Groupe Orleans Express said it would shut down the service by Nov. 30, citing its struggles with mounting losses.
"It is well-known that Acadian has been struggling financially for quite some time," Groupe Orleans Express CEO Denis Andlauer said in a statement late Tuesday.
"We've worked hard over the last few years to try to implement a sustainable network, to gain flexibility in the regulatory and operational framework and obtain support to allow us to reduce our financial losses but to no avail."
Andlauer said the company lost close to $12 million since it acquired the bus service in 2004.
Acadian Coach Lines runs buses in New Brunswick, Prince Edward Island and Nova Scotia. It has exclusivity on the routes it operates.
The company says that allows profitable routes to compensate for those that don't make money, particularly those serving communities with small populations. But Andlauer said the costs of operating the non-profitable routes proved too great.
"Sadly, we've exhausted all other alternatives and we have no choice but to close our Maritime operations. The decision to cease our activities has been a very difficult one and it was only taken after having rigorously evaluated every alternative and explored all scenarios."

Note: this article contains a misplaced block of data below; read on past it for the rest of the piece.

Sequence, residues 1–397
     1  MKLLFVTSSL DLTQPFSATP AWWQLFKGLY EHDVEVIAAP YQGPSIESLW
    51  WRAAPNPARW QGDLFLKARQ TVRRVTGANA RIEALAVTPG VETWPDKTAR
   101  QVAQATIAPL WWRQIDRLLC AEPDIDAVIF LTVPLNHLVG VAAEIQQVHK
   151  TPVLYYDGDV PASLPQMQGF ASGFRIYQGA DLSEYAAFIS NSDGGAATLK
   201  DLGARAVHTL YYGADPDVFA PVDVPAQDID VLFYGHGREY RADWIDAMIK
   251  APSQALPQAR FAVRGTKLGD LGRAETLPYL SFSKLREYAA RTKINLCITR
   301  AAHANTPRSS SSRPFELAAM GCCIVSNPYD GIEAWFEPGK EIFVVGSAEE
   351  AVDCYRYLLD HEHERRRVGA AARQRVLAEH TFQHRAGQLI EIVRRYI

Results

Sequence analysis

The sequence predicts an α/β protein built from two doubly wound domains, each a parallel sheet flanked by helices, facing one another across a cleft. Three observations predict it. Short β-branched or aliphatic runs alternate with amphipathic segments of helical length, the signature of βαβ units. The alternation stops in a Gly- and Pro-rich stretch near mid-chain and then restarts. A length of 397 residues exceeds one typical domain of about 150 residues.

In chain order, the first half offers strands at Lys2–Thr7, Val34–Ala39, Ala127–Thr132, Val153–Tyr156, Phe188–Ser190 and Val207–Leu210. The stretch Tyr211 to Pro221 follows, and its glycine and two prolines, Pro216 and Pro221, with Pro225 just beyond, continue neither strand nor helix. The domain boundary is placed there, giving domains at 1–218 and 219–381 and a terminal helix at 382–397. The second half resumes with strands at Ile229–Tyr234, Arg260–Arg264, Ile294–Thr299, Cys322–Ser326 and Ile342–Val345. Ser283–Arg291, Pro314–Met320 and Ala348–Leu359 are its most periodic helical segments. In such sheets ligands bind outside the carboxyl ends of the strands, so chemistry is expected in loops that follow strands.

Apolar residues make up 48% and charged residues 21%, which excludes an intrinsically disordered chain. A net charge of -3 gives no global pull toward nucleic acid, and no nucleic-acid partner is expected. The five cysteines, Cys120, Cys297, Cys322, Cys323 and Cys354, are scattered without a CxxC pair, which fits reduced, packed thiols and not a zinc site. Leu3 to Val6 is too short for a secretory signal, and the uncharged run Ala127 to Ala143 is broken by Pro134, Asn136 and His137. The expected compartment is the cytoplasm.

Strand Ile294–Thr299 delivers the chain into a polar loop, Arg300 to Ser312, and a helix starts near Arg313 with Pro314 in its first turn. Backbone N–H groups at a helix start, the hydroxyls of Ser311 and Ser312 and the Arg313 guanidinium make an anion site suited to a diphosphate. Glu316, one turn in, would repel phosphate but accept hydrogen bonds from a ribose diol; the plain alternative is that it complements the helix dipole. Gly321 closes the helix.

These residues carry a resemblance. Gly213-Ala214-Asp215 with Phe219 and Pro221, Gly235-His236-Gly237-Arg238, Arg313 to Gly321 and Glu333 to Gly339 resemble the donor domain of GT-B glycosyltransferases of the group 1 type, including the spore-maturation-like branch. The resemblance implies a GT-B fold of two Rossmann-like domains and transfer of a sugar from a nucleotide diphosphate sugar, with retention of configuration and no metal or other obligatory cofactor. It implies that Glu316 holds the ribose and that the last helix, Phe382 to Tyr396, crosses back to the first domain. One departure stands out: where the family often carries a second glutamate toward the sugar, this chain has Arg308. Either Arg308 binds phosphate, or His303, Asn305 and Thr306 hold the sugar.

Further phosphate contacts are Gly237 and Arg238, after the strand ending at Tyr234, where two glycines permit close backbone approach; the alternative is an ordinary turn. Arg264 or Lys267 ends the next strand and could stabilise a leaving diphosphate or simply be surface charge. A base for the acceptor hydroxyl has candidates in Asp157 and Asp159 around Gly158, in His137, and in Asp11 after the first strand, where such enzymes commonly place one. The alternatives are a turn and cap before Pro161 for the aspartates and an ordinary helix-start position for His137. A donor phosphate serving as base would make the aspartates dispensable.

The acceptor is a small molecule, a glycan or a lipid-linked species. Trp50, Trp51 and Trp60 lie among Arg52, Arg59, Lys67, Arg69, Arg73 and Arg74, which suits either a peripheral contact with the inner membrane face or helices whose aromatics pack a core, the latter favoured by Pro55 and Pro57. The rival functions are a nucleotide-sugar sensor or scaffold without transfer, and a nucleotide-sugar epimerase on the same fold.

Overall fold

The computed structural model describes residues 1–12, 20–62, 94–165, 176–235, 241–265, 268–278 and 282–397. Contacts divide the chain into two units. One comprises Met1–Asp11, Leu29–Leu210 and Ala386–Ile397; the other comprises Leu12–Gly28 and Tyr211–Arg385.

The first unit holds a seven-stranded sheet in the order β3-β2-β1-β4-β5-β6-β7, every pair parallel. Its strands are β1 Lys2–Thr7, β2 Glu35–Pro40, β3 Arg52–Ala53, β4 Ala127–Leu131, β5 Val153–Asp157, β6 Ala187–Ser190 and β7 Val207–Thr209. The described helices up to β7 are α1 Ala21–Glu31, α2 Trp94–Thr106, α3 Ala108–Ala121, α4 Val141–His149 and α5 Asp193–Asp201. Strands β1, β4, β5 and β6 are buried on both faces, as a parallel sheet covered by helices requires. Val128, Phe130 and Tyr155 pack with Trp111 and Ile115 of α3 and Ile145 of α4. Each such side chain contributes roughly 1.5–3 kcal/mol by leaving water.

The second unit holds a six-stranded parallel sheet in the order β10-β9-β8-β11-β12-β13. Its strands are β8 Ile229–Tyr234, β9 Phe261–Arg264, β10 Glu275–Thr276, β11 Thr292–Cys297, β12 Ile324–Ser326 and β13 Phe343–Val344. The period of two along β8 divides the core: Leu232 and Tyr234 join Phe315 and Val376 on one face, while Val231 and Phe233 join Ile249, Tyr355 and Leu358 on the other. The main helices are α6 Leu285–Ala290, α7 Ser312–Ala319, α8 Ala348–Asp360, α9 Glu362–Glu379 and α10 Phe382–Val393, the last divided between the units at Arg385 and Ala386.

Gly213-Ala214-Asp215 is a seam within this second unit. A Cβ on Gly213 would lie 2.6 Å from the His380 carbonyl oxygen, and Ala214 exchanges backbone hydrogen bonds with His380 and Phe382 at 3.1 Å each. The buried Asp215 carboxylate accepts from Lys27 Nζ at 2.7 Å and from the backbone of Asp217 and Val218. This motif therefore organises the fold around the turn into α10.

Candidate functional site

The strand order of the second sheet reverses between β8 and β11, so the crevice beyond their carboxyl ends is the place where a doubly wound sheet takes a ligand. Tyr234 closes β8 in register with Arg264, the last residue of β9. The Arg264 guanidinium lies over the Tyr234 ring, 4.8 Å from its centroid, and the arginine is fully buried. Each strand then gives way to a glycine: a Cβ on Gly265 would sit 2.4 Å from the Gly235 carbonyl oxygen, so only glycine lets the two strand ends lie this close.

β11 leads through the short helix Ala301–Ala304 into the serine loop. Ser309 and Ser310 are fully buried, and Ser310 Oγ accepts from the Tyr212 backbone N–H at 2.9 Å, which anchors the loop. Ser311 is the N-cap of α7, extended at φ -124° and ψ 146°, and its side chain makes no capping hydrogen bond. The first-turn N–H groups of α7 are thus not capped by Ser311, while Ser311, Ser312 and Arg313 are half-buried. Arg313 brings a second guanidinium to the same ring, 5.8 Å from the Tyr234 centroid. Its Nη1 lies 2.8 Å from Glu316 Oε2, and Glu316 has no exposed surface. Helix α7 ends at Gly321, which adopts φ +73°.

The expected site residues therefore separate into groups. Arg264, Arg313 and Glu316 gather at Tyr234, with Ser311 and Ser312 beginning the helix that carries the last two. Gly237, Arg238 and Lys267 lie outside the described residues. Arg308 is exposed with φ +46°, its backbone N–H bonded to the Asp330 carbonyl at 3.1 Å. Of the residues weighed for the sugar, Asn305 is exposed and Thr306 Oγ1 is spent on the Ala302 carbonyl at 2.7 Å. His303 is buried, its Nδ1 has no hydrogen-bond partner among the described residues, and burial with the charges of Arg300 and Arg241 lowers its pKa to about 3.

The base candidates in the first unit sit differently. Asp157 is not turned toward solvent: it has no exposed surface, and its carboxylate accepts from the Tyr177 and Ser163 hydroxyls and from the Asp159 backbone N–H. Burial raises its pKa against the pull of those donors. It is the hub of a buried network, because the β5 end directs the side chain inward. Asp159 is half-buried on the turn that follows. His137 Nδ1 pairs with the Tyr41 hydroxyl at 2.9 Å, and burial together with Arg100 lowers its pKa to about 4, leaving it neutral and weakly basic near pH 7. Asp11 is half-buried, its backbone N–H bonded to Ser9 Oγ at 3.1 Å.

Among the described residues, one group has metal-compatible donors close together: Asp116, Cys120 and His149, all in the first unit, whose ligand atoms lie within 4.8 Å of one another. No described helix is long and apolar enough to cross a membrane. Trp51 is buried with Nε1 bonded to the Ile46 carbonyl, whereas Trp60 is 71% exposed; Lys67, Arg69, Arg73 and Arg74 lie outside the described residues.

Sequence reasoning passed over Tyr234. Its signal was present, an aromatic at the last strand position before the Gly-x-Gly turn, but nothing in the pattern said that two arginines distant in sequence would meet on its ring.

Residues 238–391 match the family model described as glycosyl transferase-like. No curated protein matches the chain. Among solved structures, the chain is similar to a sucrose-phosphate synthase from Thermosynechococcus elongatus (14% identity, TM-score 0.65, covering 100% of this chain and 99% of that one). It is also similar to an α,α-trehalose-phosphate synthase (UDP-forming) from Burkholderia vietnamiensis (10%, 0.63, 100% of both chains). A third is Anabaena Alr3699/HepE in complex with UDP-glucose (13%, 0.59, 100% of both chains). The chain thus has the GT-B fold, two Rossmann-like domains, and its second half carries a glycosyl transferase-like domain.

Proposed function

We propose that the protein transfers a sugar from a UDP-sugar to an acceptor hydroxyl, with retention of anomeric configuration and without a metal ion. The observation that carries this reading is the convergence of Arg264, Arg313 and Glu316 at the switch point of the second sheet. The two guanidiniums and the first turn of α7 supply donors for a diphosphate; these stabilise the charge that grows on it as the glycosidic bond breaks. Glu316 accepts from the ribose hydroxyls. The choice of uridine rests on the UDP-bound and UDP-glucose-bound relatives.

Glen Carr, a spokesman for a union representing workers who run the New Brunswick and Prince Edward Island routes, said the way the company handled notifying employees of the closure was "disgusting."
"Our employees and membership were told around 4:15 p.m. that there was a conference call, but not all of them were told," Carr said in a phone interview from Sussex, N.B.
"They have no people skills at all and they left this dysfunctional management team running this company into the ground, and it serves them right."
Carr said he fears Groupe Orleans Express will open another company in Quebec and pay Quebec-based drivers to make the runs through New Brunswick, P.E.I. and Nova Scotia.
But Denis Gallant, vice-president of Acadian Coach Lines in the Maritimes, called Carr's comments "completely untrue."
"A problem with the network is a problem with the network, that doesn't change," said Gallant in a phone interview from Moncton, N.B.
Carr said the union will meet soon to decide their next move.
"How do you go to work tomorrow? Why would you go to work for this company that told you, 'No, here's a kick in the teeth, see you later,'" he said.
Gallant apologized to riders who will now be left without an intercity bus service.
"We are heartily sorry," said Gallant. "We do apologize that it has unfortunately come to this. It's definitely not a decision we took lightly."
Gallant said 120 workers would be laid off in total as a result of the shutdown.
In May, unionized workers for Acadian Coach Lines in New Brunswick and P.E.I. ratified a deal to end a lockout that halted bus operations for five months.
Acadian Coach Lines was founded in 1937. It is the largest intercity bus line in the Maritimes and also provides parcel service.